Stocks were mostly higher Monday as Wall Street kicked off the first trading day of May with investors betting on a strong U.S. recovery.
The Dow Jones Industrial Average on Monday rose 284 points, or 0.84%, to 34,159, the S&P 500 jumped 0.32% but the Nasdaq turned lower, falling 0.49%, led by declines in Tesla and Amazon.com .
Stocks have traded higher in recent weeks amid optimism the pandemic in the United States was receding as vaccination programs have helped people get back to work and restrictions have been lifted. The S&P 500 rose 5.2% in April.
But with the reopening of the economy has come concerns about rising inflation and worries the Federal Reserve could begin tapering its $120 billion of monthly asset purchases.
Treasury Secretary Janet Yellen played down the risks of higher inflation while supporting President Joe Biden’s economic plans totaling roughly $6 trillion.
Yellen said Sunday the U.S. government spending would be spread over a decade.
“It’s spread out quite evenly over eight to 10 years,” Yellen said in an interview Sunday on NBC’s “Meet the Press.”
She also promised that American families who earn less than $400,000 a year won’t see their taxes go up, despite talk of an increase in rates for America’s wealthy to for Biden’s plans.
Trillions in government spending, record-low interest rates and ongoing purchases in the bond market that have kept financial markets in check have “resurrected” the world’s biggest economy “in an extraordinarily effective way,” according to billionaire investor Warren Buffett, who told his annual meeting of Berkshire Hathaway shareholders that Big Tech giants such as Alphabet’s and Apple were “incredible in terms of what they earn on capital, … they don’t require a lot of capital, and they gush out more money.”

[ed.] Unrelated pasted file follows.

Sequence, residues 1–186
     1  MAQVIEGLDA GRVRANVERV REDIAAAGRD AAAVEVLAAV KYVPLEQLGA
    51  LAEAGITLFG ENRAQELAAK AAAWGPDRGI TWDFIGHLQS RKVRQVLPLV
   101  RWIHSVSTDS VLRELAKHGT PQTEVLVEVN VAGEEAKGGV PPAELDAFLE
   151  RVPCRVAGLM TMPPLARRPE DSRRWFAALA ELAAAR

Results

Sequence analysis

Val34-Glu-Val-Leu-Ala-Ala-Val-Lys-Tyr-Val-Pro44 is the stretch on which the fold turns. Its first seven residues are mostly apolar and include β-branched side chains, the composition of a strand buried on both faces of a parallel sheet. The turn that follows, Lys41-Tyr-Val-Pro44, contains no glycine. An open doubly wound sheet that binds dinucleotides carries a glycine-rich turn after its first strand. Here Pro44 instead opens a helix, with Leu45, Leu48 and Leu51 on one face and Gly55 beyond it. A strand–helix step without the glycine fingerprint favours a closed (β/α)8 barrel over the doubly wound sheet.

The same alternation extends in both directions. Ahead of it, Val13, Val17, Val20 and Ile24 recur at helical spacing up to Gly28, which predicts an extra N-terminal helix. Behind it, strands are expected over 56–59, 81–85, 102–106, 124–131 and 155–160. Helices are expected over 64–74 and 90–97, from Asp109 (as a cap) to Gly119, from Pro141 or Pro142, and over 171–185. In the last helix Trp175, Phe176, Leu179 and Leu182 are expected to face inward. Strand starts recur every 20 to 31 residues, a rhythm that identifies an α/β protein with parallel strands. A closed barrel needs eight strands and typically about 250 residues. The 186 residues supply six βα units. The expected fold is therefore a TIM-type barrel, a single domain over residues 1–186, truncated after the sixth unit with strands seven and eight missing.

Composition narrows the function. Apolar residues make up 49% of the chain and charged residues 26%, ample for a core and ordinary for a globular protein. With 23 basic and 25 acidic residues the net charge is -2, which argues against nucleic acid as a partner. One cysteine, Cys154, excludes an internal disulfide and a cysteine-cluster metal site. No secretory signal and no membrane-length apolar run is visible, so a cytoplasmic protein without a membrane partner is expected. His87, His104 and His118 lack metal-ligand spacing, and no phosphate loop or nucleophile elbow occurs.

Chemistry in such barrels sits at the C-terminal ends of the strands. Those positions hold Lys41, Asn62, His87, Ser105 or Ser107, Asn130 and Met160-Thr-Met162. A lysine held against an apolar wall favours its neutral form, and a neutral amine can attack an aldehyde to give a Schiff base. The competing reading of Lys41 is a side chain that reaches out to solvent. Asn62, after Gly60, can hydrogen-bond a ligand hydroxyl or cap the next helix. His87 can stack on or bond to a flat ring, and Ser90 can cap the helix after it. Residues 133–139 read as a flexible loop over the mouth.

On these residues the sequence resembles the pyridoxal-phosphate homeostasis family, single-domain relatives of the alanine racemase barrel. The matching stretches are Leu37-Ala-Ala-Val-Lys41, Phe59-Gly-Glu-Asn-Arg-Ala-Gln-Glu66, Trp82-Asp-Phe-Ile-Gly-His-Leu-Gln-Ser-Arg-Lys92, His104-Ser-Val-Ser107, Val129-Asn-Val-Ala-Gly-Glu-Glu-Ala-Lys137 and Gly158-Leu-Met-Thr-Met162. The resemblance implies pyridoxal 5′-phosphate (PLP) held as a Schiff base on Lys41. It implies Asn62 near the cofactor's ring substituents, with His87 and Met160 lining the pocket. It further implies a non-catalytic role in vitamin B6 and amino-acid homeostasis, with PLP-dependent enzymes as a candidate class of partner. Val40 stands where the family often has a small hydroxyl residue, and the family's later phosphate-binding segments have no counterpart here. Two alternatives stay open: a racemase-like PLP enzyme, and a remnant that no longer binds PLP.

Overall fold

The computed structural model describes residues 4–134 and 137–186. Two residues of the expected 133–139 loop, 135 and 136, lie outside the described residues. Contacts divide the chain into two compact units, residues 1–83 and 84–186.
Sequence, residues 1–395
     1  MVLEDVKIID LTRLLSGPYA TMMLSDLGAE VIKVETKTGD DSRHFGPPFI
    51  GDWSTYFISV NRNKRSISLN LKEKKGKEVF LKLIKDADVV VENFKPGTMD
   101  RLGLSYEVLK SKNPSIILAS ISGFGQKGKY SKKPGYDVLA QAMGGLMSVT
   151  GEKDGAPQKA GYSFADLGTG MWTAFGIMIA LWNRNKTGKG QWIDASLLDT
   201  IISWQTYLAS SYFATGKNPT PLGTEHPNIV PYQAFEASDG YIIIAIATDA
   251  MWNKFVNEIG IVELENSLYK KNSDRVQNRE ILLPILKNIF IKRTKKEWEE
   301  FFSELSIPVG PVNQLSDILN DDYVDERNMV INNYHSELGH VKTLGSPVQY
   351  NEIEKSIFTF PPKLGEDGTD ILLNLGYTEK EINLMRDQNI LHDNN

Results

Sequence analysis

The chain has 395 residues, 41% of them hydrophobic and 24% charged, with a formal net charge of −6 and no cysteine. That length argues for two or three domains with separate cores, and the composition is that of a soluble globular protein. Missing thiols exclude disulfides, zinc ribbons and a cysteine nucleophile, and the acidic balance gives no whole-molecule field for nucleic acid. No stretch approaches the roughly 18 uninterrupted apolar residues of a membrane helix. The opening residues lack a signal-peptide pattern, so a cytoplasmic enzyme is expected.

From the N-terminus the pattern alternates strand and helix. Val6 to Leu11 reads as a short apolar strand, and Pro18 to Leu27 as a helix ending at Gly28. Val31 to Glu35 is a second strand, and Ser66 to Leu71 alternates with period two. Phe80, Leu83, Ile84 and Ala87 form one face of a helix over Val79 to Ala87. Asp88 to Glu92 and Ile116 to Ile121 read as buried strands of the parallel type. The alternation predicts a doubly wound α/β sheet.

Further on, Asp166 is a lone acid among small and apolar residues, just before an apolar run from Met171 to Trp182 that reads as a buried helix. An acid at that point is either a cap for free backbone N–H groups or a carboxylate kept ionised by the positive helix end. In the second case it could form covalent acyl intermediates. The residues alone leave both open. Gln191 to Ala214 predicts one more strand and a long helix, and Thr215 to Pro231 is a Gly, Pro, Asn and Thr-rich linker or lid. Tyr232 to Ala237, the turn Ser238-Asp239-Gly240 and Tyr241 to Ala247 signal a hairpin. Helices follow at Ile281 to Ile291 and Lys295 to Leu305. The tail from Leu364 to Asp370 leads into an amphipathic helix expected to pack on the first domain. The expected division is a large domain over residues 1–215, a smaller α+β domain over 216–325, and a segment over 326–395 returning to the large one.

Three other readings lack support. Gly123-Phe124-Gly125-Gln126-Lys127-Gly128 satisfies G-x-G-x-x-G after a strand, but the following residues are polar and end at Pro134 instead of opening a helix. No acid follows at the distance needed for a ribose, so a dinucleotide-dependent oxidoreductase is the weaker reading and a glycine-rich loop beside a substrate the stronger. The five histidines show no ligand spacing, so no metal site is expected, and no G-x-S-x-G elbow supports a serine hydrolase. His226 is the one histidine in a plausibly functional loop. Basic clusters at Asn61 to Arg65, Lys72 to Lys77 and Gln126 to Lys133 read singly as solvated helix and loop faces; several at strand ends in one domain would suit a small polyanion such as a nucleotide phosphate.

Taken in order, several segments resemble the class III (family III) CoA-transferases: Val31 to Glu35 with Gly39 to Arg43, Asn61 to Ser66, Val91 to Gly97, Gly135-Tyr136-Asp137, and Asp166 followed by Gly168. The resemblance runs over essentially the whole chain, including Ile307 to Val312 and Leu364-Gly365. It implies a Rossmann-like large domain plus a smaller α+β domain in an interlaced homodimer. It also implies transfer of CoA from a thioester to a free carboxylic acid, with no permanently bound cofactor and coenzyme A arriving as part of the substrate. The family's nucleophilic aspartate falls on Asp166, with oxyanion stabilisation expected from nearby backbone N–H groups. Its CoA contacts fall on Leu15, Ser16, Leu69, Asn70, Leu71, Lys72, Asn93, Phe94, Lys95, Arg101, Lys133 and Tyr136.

Shares of Berkshire Hathaway rose after Buffett said Greg Abel, vice chairman of the comglomerate’s non-insurance businesses, likely would be his successor.
Growth at U.S. manufacturers slowed in April, according to data from the Institute for Supply Management. A gauge of factory activity fell to 60.7 from a more than 37-year high of 64.7 a month earlier.
Earnings have been posted by more than half of the companies in the S&P 500 and almost 90% have beaten earnings projections, Bloomberg said. That would be the best reading since Bloomberg began compiling the data in 1993.
Close to 140 companies in the index will report this week, including Pfizer and General Motors .
Ethereum, the second-largest cryptocurrency, pushed past $3,000 over the past 24 hours and has eaten into Bitcoin’s dominance of the total cryptocurrency market.
Bitcoin, the largest digital currency, now accounts for about 47% of total crypto market value of $2.3 trillion, according to CoinGecko. That’s down from about 70% at the start of the year. Ethereum now accounts for about 15% of the crypto market.
This article was originally published by TheStreet.